Featured: This Cummins Turbo Diesel Land Rover Defender Is Much More Than A Simple Engine Swap

This Cummins Turbo Diesel Land Rover Defender Is Much More Than A Simple Engine Swap

By Petrolicious Productions
February 27, 2019

Photography by Stan Evans

The ultimate classic British trucks are now born in the United States, or at least that’s what companies like ICON 4×4 and East Coast Defender would have you believe. Operations like these provide convincing arguments for that statement in the form of the restored, refurbished, and reimagined Land Rovers that leave their facilities with new motors, new metal, and contemporary amenities like satellite navigation systems and working air-conditioning to replace the tired and wheezy factory systems that are perpetually in need of recharging.

These guys and many other Landy restomodders will swap in rebuilt or sourced-from-another-mother engines, tweak and update the chassis, and rethink the interior spaces depending on customer wishes, but despite this growing popularity and the general pig-piling that’s been going on in the classic 4×4 restomod scene over the last few years there is still room to stand out for those who do high-quality work.

The creator of the Defender pictured here, the Blacksmith Engineering Company, has an ethos that is very much in vogue these days: take a beloved classic vehicle, strip it down to its essence, and build it back up with new and revised components to create the ultimate expression of the original idea. Using the benefit of modern equipment and hindsight, a lot is altered in the process, but in this case the modifications are done in order to draw the car’s original trajectory further out than the factory ever took it in period.

The end product is certainly a different beast than the base truck, but the two share the same fundamental concepts at their core: rugged ability, and a handsome but utilitarian presence. The goal at Blacksmith Engineering is to augment the vehicle’s original intentions, and the guys in this Utah shop have done a hell of a job of making a singular machine that’s equally suited to commuting as it is off-roading. The rig pictured here for instance has a turbo diesel engine like many of the early Defenders—this truck began life as a military-build 1987 Defender 110—but instead of one of the rather anemic and not-so-reliable 2.5L units that were offered in these things in the mid ’80s, this Defender houses a modern Cummins 3.9L 4BT with a hot cam, custom turbo setup, and other improvements that leave it capable of churning up 580ft-lbs of torque. The motor is connected to a ZF 5-S42 five-speed manual transmission and the original but rebuilt LT230 transfer case splits the power between a Detroit soft-locker differential in the back and a Detroit Truetrac unit in the front.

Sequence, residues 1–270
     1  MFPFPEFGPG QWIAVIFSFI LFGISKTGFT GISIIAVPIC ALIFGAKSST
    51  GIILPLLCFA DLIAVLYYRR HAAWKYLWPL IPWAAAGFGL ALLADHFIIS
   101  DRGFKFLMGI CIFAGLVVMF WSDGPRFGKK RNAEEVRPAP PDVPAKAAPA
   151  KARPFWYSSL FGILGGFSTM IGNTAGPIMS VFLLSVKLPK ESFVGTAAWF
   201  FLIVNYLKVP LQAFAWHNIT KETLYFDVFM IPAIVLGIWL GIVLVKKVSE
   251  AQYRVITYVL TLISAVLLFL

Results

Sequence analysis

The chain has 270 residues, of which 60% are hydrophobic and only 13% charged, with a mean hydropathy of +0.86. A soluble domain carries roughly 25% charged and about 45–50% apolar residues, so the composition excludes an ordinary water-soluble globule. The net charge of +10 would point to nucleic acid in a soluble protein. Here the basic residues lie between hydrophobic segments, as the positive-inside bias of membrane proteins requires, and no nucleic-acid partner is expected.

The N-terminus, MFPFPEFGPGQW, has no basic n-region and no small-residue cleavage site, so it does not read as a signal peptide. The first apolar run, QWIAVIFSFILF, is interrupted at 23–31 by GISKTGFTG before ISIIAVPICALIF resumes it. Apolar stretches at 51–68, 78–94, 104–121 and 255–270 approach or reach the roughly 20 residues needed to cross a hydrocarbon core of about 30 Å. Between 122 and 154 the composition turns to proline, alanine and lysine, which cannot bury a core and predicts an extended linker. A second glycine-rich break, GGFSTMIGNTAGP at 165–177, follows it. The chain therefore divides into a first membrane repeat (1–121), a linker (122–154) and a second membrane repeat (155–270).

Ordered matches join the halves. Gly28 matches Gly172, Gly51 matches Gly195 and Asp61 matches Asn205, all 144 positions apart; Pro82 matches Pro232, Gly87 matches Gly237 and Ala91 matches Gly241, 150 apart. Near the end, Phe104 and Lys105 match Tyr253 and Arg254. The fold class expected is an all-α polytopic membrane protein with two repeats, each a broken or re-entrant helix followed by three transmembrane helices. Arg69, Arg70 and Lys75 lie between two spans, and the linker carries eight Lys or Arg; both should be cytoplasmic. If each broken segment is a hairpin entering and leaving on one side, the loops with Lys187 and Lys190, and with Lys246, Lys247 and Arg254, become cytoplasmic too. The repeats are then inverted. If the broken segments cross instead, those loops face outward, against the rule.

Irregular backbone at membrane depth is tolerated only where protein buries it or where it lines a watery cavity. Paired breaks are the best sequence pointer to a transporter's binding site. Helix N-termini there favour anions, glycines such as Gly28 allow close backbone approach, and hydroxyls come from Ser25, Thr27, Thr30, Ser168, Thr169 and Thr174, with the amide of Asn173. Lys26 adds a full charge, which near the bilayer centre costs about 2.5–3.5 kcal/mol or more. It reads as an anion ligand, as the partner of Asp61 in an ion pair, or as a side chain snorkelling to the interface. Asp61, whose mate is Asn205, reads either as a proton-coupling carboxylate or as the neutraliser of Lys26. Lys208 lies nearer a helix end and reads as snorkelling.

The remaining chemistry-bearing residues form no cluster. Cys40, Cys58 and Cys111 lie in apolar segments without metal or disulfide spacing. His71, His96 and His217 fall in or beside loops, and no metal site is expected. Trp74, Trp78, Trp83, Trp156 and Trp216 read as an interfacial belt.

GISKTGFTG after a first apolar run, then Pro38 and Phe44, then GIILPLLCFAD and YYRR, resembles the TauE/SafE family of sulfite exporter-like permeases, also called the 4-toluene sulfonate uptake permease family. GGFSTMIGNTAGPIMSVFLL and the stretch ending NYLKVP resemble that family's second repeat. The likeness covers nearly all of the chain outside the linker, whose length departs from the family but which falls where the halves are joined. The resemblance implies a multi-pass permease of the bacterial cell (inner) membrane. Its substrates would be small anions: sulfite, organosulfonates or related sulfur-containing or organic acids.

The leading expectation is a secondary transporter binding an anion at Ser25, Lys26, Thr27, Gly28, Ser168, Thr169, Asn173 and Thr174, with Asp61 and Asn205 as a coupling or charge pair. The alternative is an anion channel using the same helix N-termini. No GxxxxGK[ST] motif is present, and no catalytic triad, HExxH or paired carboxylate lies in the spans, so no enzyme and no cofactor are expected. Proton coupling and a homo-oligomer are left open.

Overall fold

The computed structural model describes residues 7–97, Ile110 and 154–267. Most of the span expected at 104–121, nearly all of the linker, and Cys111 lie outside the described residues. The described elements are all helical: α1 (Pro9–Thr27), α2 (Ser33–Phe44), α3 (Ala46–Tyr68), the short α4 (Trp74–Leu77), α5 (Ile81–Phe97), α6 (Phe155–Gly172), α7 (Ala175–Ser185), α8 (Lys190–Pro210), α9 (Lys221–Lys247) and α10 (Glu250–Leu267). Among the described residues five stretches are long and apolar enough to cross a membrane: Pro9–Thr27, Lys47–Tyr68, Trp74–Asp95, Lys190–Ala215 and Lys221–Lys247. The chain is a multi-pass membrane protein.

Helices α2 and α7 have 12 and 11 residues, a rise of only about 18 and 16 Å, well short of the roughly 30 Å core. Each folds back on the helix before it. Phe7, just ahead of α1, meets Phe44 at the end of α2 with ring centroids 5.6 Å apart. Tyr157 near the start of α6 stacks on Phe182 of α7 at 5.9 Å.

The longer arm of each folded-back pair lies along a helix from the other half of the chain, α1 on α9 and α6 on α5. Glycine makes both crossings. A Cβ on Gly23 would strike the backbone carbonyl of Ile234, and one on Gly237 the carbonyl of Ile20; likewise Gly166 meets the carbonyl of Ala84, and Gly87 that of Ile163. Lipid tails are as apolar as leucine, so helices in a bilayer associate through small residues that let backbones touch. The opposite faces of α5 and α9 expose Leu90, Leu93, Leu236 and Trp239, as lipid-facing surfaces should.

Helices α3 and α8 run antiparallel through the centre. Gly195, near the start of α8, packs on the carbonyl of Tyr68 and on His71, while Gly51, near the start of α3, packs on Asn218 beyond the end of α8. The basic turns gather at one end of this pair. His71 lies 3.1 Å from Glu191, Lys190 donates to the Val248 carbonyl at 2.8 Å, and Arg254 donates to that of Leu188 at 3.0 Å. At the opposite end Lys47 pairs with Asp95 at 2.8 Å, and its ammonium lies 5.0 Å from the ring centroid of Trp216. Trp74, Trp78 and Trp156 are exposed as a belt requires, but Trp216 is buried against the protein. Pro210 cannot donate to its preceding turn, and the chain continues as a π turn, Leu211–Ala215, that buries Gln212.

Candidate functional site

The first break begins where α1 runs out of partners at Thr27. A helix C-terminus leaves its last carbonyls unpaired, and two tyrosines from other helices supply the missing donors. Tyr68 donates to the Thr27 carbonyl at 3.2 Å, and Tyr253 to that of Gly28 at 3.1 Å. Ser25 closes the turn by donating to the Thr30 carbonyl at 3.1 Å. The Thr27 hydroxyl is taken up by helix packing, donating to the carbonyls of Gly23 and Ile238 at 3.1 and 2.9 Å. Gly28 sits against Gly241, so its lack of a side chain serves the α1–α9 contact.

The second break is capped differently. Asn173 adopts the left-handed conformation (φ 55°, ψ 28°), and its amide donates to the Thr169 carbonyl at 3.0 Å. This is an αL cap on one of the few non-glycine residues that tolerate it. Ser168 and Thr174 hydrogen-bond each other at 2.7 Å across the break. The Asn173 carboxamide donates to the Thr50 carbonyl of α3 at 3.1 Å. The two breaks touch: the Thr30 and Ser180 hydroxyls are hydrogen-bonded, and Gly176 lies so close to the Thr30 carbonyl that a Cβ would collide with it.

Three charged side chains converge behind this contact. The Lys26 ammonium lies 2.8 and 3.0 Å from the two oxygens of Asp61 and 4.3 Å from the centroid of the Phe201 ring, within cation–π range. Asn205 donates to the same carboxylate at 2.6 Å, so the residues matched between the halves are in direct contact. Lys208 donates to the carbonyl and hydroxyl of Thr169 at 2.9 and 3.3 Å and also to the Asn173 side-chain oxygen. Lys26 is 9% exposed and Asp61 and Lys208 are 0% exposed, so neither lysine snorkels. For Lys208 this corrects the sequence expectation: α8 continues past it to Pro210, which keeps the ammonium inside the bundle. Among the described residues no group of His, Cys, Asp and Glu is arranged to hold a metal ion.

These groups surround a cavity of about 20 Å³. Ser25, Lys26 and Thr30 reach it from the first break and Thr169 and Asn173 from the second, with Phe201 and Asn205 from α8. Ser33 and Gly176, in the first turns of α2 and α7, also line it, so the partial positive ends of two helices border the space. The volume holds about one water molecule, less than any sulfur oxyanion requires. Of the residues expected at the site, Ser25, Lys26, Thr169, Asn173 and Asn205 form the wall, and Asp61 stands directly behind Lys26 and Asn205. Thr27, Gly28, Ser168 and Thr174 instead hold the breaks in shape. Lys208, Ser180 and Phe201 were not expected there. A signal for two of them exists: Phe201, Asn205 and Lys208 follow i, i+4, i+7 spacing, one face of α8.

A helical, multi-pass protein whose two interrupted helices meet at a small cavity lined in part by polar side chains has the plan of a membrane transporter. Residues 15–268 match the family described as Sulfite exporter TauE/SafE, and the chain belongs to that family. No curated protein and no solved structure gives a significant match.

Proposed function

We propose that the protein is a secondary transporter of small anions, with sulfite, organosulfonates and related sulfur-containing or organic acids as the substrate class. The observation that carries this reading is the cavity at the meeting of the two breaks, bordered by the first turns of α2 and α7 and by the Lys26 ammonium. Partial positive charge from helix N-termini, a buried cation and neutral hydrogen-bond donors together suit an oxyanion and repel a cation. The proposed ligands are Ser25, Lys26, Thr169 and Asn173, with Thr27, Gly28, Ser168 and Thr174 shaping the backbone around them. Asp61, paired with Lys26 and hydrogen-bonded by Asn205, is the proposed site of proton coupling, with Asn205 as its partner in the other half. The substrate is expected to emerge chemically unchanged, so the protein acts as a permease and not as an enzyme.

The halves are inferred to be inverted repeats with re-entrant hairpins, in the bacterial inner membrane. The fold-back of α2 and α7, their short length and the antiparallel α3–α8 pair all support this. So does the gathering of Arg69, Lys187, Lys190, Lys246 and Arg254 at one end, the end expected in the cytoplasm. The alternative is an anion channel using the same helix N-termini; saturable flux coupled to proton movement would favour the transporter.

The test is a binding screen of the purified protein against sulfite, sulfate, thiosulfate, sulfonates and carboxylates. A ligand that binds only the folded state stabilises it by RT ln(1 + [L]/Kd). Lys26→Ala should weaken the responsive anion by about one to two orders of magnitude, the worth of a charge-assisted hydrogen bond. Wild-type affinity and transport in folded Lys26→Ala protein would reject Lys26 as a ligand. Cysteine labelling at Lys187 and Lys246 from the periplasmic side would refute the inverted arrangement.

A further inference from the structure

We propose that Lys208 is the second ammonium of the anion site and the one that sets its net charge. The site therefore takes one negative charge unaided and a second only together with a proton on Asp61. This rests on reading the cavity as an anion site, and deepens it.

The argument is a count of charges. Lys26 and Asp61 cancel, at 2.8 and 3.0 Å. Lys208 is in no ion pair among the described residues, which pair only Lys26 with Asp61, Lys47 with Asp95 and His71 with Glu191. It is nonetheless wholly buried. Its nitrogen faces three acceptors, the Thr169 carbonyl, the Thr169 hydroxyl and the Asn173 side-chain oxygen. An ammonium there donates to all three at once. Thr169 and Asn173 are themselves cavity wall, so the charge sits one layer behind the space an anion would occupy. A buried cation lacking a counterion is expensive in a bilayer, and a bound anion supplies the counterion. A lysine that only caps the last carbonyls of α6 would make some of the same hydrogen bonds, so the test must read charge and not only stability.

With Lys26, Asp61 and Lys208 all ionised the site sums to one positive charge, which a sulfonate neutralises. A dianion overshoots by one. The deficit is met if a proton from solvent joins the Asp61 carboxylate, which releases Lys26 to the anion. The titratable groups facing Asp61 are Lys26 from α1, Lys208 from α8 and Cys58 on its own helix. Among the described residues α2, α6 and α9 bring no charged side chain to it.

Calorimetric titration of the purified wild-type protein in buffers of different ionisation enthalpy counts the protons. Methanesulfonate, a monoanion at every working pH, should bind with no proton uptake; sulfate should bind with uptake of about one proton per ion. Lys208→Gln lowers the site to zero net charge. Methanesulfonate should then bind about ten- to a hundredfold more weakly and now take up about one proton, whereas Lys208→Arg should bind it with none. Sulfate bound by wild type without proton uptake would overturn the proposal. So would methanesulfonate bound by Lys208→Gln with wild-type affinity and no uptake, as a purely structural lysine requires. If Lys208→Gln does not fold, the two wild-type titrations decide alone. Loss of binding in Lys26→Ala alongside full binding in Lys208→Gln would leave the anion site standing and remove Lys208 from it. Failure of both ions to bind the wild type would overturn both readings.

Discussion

Besides the stock mil-spec cage, the transfer case mentioned earlier, the bulkhead, and the removable tin top, everything else has been replaced or reinvigorated by Blacksmith and their partners around Utah, like Wild Diesel in Ogden, UT, who helped bring the motor from its stock 105bhp guise into the stump-puller that it is today. The chassis is a brand-new galvanized example sourced from Land Rover itself, and the full list of modifications to the rest of the machine (they call this the “ANV-LR1”) are laid out in greater detail on the company’s website, here. It’s an impressive spec to say the least, and one that’s clearly been arrived it through good intentions and great execution.

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Peter J Smith
Peter J Smith
4 years ago

There’s a new idea, a Land Rover that actually works! All it took was all new running gear…

Bryan Dickerson
Bryan Dickerson
5 years ago

4 BTs are beasts but they, almost literally, weigh a ton. I wonder if the builders considered the new Cummins Repower 2.8?

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